Subject: File No. S7-19-07
From: Steve Godfrey
Affiliation: Private Investor

July 15, 2008

It is my opinion that naked short selling and abuse of failure-to-deliver provisions pose a threat to the integrity of U.S. equities markets on a par with, and possibly exceeding, the threat posed by the credit crisis currently being weathered.

In my view, meaningful changes to regulation SHO and vigorous enforcement are the only remedies available to properly address the egregious practice of naked short selling and manipulation of FTD loopholes in existing SEC regulations. It is paramount that transparency and a level playing field for all investors be rigorously maintained. Toward that end, I strongly urge you to incorporate the following changes into regulation SHO:

elimination of the Market Makers exemption, as data show that fails are being produced by invoking that exemption

complete elimination of the close out exemption for option market makers as proposed (amendment of rule 203(b)(3)(iii) as proposed, not alternative 1 or 2)

changes to rule 200(g)(1) to require a "locate" on short sales securities and proper marking of sales as "long" or "short".

amendment to rule 200(g)(1) proposed in the second round in release 34-56213 File No. S7-19-07 to preclude mismarking of NAKED short (essentially illegal counterfeit) shares as "long" sales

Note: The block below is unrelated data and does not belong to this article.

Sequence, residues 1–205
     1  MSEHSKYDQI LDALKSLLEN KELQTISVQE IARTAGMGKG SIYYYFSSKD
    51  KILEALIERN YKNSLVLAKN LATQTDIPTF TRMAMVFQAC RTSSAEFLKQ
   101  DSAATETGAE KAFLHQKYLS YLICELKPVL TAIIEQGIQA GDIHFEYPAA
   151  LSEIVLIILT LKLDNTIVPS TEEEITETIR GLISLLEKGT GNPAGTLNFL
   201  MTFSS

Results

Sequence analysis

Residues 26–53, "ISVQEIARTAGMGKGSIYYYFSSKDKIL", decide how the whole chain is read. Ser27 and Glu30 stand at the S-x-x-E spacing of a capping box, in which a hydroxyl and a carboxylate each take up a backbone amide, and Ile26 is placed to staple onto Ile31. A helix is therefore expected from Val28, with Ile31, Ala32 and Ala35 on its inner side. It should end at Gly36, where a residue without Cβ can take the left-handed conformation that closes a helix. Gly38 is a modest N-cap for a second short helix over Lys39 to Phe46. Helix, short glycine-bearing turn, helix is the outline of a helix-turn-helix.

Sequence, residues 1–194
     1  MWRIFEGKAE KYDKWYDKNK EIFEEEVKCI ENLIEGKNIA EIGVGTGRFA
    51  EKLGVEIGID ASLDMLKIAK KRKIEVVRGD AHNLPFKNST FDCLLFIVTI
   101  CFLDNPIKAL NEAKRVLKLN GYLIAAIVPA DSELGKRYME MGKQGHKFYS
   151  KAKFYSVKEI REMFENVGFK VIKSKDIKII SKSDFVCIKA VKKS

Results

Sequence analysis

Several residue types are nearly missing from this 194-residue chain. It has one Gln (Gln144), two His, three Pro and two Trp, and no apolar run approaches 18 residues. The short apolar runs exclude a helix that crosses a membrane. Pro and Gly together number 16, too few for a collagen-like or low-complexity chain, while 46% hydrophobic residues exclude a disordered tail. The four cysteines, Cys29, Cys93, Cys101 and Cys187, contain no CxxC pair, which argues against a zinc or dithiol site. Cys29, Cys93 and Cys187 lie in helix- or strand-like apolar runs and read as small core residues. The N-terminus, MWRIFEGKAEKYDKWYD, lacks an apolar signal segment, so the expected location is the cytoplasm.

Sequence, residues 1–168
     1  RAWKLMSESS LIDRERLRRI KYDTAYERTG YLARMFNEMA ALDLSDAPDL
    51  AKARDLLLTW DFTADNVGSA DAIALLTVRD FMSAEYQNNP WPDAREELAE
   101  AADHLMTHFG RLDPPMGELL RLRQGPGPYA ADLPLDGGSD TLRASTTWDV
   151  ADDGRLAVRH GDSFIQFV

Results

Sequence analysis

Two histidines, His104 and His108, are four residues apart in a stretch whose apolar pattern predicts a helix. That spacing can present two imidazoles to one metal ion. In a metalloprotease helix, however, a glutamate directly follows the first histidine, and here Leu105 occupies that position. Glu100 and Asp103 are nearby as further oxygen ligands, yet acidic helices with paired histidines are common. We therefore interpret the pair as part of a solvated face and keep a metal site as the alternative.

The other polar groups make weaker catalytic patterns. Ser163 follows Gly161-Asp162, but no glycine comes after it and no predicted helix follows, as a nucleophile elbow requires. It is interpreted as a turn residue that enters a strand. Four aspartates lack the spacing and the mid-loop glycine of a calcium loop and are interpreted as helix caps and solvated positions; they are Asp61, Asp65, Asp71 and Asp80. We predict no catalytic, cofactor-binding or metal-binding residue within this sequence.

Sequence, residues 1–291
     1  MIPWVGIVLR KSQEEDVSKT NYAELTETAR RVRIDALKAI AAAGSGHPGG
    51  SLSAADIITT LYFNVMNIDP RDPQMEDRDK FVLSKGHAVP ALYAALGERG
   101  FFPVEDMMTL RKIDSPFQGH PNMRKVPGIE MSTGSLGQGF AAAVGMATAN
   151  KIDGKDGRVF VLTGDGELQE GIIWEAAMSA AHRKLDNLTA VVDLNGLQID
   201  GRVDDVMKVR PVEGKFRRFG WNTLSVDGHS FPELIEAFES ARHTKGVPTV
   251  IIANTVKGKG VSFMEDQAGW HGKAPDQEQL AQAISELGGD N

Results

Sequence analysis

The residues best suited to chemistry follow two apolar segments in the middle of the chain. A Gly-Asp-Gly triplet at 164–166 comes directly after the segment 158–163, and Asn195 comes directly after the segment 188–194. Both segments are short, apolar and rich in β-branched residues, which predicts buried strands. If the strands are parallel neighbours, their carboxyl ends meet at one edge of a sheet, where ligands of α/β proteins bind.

In the event of failure to amend rule 200(g) (1), implementation of a requirement for an analysis of costs incurred by equity investors.

Finally, it is essential that the SEC protect investors by rigorously enforcing rules, regulations and laws currently in place, and providing for harsh penalties for violations. It is unconscionable to think that the SEC continues to allow potentially huge number of what are basically "virtual shares" to be held in accounts of honest investors owing to the commission's lax enforcement of existing rules against short selling, and allowing FTD's to remain open for extended periods.

The existing environment invites abuse and must be changed to avoid potentially irreparable damage to the integrity of the U.S. equities market.